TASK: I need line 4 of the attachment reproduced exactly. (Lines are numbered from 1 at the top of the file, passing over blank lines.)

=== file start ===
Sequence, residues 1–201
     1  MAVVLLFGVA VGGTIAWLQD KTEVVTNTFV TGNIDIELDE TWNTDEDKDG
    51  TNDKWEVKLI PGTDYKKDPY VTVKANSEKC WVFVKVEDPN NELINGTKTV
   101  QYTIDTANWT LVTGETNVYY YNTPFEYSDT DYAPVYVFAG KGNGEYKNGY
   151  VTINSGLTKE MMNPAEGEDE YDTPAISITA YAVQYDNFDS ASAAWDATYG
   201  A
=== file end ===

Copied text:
   101  QYTIDTANWT LVTGETNVYY YNTPFEYSDT DYAPVYVFAG KGNGEYKNGY